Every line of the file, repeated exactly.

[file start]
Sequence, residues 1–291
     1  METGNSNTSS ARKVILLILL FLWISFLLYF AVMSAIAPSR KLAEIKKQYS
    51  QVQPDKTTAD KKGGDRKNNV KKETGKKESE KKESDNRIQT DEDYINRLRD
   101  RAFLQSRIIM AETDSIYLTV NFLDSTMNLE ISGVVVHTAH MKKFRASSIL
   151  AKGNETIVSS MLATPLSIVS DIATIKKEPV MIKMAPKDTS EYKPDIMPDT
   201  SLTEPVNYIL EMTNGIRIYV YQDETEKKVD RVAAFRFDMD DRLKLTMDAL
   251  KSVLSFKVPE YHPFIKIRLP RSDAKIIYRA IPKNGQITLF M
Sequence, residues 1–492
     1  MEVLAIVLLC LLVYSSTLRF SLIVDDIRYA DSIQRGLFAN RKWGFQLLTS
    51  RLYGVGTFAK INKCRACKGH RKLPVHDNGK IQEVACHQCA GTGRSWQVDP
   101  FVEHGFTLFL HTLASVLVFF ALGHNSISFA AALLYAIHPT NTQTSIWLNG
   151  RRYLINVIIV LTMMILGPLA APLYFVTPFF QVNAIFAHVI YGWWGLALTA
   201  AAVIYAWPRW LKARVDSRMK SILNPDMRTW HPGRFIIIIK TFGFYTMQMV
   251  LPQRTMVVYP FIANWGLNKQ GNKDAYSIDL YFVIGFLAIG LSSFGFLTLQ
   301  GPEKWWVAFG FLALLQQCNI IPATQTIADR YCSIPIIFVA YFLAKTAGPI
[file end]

Sequence, residues 1–291
     1  METGNSNTSS ARKVILLILL FLWISFLLYF AVMSAIAPSR KLAEIKKQYS
    51  QVQPDKTTAD KKGGDRKNNV KKETGKKESE KKESDNRIQT DEDYINRLRD
   101  RAFLQSRIIM AETDSIYLTV NFLDSTMNLE ISGVVVHTAH MKKFRASSIL
   151  AKGNETIVSS MLATPLSIVS DIATIKKEPV MIKMAPKDTS EYKPDIMPDT
   201  SLTEPVNYIL EMTNGIRIYV YQDETEKKVD RVAAFRFDMD DRLKLTMDAL
   251  KSVLSFKVPE YHPFIKIRLP RSDAKIIYRA IPKNGQITLF M
Sequence, residues 1–492
     1  MEVLAIVLLC LLVYSSTLRF SLIVDDIRYA DSIQRGLFAN RKWGFQLLTS
    51  RLYGVGTFAK INKCRACKGH RKLPVHDNGK IQEVACHQCA GTGRSWQVDP
   101  FVEHGFTLFL HTLASVLVFF ALGHNSISFA AALLYAIHPT NTQTSIWLNG
   151  RRYLINVIIV LTMMILGPLA APLYFVTPFF QVNAIFAHVI YGWWGLALTA
   201  AAVIYAWPRW LKARVDSRMK SILNPDMRTW HPGRFIIIIK TFGFYTMQMV
   251  LPQRTMVVYP FIANWGLNKQ GNKDAYSIDL YFVIGFLAIG LSSFGFLTLQ
   301  GPEKWWVAFG FLALLQQCNI IPATQTIADR YCSIPIIFVA YFLAKTAGPI